Wednesday, April 21, 2010

C K Prahalad

The business community in India was effusive in its praise for C K Prahalad. So were some commentators in the media. That Prof Prahalad, an alumnus and former faculty member of IIMA achieved fame and recognition, is something we should all be proud of. But what one missed was a serious and critical evaluation of his contribution.

Today's Business Standard editorial makes up for what was missing elsewhere. The edit makes three important points:
  • Prahalad was good at articulating existing practices rather than predicting future trends. 'Core competence' had come into being at many MNCs long before Prahalad wrote about it. This stands to reason. That is what the case method that Prahalad was raised on at IIMA and HBS is all about.
  • Co-opetition, taking the customer into account in designing products, is elementary marketing
  • Bottom of the pyramid, his most famous theory, is not about making money from the poor, it is more about designing products for the lower middle class in the rural areas.
Let me add: BoP has little to do with poverty alleviation. Companies do little to alleviate poverty when they address the mass market, they only take care of their own shareholders. You alleviate poverty not by viewing the poor as customers but viewing them as producers and giving them purchasing power, a point that Aneel Karnani, Prahalad's colleague at Michigan, made in his devastating critique of the BoP thesis a few years ago.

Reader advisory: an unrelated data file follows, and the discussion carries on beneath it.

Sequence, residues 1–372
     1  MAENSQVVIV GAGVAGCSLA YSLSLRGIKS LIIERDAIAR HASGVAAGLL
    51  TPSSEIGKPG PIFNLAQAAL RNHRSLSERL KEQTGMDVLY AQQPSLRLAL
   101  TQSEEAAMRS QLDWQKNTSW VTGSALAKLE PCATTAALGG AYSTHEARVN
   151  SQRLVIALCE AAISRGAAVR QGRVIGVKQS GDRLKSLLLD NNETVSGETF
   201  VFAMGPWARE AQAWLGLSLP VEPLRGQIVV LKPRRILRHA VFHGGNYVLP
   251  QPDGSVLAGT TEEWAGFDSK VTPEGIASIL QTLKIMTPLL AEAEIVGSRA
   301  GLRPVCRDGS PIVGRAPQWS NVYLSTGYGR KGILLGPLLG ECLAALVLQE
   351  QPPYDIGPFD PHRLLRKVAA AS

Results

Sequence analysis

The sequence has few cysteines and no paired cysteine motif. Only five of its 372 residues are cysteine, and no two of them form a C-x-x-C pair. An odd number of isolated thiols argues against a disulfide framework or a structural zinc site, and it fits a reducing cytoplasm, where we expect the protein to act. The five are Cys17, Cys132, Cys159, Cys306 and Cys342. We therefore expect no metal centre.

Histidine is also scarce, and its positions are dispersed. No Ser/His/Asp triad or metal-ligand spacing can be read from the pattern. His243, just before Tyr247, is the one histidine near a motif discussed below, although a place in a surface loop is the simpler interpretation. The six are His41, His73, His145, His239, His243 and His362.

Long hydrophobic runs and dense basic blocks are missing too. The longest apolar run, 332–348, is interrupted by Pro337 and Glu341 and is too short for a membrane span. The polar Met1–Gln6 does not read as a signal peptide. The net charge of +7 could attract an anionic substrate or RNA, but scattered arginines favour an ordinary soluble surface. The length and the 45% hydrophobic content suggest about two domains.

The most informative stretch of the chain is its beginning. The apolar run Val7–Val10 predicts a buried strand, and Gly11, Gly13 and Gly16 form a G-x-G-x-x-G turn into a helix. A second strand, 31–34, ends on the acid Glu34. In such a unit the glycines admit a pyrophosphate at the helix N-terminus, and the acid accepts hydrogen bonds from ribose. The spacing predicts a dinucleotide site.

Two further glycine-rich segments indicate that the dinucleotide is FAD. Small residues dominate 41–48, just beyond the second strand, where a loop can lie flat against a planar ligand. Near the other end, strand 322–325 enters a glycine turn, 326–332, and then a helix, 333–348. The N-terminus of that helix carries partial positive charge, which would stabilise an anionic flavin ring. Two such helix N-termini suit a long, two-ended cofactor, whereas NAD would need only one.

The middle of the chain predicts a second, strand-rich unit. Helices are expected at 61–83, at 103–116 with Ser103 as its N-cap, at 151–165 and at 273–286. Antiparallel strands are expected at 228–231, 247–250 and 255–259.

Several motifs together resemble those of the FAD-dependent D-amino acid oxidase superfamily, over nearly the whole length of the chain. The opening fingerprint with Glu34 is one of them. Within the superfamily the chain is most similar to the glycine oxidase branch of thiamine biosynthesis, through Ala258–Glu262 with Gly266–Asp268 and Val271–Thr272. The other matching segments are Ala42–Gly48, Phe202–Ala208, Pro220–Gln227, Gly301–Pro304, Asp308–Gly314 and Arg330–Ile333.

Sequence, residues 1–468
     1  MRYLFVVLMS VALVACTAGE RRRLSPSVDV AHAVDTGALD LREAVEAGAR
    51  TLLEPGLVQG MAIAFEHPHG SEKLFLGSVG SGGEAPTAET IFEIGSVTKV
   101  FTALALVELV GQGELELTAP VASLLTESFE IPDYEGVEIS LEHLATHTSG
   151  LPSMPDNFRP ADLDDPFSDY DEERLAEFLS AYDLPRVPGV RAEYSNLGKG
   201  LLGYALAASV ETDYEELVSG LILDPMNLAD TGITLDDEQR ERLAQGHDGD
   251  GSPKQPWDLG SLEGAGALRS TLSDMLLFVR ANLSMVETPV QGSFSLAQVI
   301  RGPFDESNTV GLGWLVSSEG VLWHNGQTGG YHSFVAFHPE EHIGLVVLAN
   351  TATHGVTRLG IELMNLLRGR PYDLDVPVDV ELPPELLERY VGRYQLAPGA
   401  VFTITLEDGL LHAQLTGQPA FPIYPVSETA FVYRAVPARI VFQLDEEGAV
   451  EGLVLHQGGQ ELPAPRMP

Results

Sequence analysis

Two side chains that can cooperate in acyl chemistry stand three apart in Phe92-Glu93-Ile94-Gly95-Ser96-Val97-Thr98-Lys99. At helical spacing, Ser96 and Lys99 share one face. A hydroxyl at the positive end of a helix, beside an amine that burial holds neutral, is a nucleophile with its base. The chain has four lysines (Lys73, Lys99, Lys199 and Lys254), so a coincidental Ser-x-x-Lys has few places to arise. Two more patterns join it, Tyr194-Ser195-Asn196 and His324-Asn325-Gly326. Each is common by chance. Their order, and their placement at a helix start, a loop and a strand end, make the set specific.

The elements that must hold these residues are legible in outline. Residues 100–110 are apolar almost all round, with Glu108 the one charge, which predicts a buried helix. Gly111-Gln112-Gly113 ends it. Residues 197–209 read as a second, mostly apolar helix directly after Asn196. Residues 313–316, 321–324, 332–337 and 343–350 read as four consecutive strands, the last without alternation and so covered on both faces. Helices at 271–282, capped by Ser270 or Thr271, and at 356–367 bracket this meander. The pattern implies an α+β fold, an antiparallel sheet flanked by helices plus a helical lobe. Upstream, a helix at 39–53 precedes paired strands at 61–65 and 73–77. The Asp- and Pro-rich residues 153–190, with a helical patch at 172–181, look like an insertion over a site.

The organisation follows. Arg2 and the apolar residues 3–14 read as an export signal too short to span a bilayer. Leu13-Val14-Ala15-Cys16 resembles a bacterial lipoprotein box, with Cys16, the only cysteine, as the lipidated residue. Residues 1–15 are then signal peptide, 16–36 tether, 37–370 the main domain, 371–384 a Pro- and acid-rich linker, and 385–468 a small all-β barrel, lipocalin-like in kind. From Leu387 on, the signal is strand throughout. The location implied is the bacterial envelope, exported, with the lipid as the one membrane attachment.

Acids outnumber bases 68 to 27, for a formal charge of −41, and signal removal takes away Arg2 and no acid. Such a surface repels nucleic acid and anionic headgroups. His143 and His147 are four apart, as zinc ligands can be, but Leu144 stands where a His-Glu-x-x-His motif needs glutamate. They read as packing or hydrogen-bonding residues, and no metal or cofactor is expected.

The idea that we can leave it to companies to alleviate poverty can be dangerous because it provides another argument for government to vacate the space, something that neo-liberals would pounce on. Thank God, we are thinking in terms of right to education and right to food instead of embracing the BoP thesis.

The BS edit has a scathing finale:
Perhaps the best commentary on its (BoP's ) efficacy came from Praja, the BOP company Prahalad co-founded to provide a platform for common people to personalise their own experiences on the Internet. In 2002, the company was sold having made a $55 million loss and laid off one-third of its staff!
Must people abandon their critical sense in paying tributes to the departed? Whatever Prahalad's gifts of exposition, comparing him with Peter Drucker was quite a stretch.

Thursday, April 15, 2010

Foreign universities' bill to bar for-profits

The foreign universities' bill to be introduced in parliament soon will bar non-profits, TOI reports.

This fine-print is the third restrictive clause the Union Human Resources Development (HRD) ministry has introduced in the Foreign Education Providers’ Bill, which aims to allow international universities to set up campuses in the country. The other two conditions include forbidding foreign universities from repatriating funds to their home country and setting up a minimum corpus of US $11 million.

I am not very sure that this is desirable. Agreed, one associates quality in education with non-profits. But, in India, we have a huge number of for-profits in various fields, notably engineering, management and medicine, which are non-profit on paper- these are the ones that charge exorbitant sums as capitation fee. Would it not be better to have a system where for-profits from abroad, with a transparent fee system, take on the covert for-profits in India?